By MEAGHAN ZIEMBA, Associate Editor, PD&D
If our future lies in the hands of the young innovators who participate in the FIRST Robotics Competition, I’d say we have a pretty bright one ahead of us.
I had the absolute pleasure and privilege to attend the FIRST Robotics competition this year in St. Louis, MO, and it was a huge eye-opener for me. I have never been confronted with so many polite and extremely knowledgeable young people; it truly was a breath of fresh air, and if our future lies in the hands of these young innovators, I’d say we have a pretty bright one ahead of us.
The first day I attended the competition, I have to admit that my energy and enthusiasm was lacking. I dreaded the thought of being surrounded by a bunch of rude teenagers who were unwilling to talk about their robotic creations. Oh, I was proven wrong.
The opening ceremony was so uplifting and energetic, it really helped me wake up and get excited for the rest of the day. We were surrounded by kids and adults dressed in team colors and face paint, waving flags and signs, and chanting their team names and numbers. For as early as it was, it was unbelievable to see how excited all the kids were to get the matches going.
As fellow associate editor Chris Fox and I worked our way through the pits, we were surrounded by kids making final adjustments to their robots; promoting their teams with cheers and noise makers; and scoping out teams to recruit for alliances when the time came for the final matches.
I was a little nervous when it came to our first interview. Not only was it the first time I had to speak in front of a camera for PD&D, but I had to talk to young adults about robotics – a subject in which I have very little experience. But the kids made the experience so fun and enjoyable that I completely forgot we that were even recording.
The amount of knowledge the kids possessed blew me away. From the components that operated their robots, to their willingness and excitement to explain things that I didn’t understand. They talked about the best features, discussed the design process, and told us the things they looked for in other teams to be considered for an alliance. They were so well organized and prepared, I have to admit, I felt overmatched.
The kids expressed their excitement for the FIRST robotics competition, and how it was important to not only meet new people, but to build important skills needed for future career decisions. One team captain even expressed how she was somewhat disappointed how a degree in "everything engineering" wasn’t available because she wanted to do it all – this was after she informed me that she spoke multiple languages and was happy that her school allowed her to take another language class after she completed her required courses for college.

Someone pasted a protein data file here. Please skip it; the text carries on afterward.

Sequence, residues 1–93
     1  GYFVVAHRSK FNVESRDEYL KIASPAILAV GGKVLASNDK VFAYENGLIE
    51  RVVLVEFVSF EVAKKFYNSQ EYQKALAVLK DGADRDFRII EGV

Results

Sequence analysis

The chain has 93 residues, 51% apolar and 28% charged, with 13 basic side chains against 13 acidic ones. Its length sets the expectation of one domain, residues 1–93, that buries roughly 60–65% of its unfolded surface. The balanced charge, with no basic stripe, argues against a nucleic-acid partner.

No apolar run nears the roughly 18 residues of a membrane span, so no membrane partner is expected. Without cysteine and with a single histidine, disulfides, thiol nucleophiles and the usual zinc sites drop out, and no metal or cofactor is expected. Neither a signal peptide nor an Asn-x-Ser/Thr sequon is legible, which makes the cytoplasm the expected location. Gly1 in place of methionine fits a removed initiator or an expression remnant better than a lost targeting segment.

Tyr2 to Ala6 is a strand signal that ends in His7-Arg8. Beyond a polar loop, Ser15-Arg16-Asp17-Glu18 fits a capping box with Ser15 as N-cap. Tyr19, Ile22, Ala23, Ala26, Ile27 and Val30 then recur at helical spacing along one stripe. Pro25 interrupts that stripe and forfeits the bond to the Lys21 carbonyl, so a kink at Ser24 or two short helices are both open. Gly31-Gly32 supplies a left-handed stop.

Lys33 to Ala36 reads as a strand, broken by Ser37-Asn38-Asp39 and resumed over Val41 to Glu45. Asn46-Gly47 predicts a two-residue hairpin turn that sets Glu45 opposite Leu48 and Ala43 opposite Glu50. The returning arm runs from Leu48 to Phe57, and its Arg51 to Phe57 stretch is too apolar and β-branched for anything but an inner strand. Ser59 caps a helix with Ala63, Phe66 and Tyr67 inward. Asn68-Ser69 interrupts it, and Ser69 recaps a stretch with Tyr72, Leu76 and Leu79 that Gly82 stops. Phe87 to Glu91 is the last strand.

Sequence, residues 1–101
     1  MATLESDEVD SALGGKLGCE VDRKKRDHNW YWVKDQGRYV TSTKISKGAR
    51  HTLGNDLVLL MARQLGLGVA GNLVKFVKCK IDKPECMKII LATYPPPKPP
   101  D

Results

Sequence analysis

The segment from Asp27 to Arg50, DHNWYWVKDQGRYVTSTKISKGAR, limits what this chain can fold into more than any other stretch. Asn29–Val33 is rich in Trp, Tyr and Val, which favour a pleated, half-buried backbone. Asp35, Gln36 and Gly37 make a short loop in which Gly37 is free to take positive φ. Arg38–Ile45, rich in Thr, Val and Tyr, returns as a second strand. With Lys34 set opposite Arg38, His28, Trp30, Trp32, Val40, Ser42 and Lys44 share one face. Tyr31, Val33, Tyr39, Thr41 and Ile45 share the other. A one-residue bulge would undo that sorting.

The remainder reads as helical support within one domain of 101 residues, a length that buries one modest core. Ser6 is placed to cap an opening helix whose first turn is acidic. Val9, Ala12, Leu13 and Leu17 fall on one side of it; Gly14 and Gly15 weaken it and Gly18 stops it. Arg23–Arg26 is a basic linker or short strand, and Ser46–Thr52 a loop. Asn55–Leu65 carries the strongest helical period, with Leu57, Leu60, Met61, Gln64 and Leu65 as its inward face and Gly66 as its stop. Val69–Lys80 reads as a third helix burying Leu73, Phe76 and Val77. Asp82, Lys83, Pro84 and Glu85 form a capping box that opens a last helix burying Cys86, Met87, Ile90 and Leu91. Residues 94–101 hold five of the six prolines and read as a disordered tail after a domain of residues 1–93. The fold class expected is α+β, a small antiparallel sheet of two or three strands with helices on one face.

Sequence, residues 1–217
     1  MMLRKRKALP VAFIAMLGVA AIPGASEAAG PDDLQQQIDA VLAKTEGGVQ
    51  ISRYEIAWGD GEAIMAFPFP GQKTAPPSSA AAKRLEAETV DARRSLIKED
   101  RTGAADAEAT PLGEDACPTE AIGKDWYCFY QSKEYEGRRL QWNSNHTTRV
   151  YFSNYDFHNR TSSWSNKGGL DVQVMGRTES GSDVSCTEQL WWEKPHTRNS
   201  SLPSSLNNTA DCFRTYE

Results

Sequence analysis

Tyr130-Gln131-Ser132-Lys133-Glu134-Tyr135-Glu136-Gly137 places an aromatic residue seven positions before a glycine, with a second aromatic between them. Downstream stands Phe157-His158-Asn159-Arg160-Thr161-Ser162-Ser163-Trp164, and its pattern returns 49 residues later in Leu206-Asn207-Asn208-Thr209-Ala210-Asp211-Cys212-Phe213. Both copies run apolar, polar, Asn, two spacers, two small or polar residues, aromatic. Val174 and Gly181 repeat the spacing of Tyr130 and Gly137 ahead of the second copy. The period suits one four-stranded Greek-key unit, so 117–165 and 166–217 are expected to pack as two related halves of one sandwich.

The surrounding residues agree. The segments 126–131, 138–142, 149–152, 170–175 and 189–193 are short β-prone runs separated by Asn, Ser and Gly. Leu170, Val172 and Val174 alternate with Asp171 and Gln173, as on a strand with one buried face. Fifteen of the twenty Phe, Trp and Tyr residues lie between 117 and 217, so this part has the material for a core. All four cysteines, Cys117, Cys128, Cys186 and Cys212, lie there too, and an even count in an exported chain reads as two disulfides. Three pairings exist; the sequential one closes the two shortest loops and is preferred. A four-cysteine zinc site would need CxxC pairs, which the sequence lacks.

Some of you engineers out there may ask, “What’s the big deal?” Coming from a small town that reports more on afternoon shootings and the latest drug trends, this experience made me feel a bit cheated and disappointed in what some schools offer for extra-curricular activities.
While playing softball and volleyball, and dancing in a few musicals was fun during my high school years, they didn’t really prepare me for any major career decisions by the time I made it to college. I almost flunked out of my first few years because I just wasn’t excited about anything I studied. If I had the opportunity to build robots that could kick a soccer ball or shoot a basketball, I might not be punching away at this keyboard today.
FIRST not only makes kids excited about creating stuff, but about what they want to do for the rest of their lives. They are thinking about society as a whole and how they can contribute to improve it. Many students even talked about how making connections with teams from other countries, and the types of things they could create to bridge gaps that exist between developed and non-developed areas.
These teams were competing against each other while working with each other as well; collaborating and exchanging ideas; cheering each other on and helping one another through the one language they knew best: Robotics. They also exhibited a gracious professionalism throughout the competition. It was quite the site to see, and to know that our future may depend on these young, great minds, I look forward to what they may come up with.
What sort of programs were offered to you in high school that helped you prepare for the future? How important do you think competitions like FIRST are to help students get excited about math, science, and engineering? Tell us your thoughts by posting below or send your stories to email@example.com.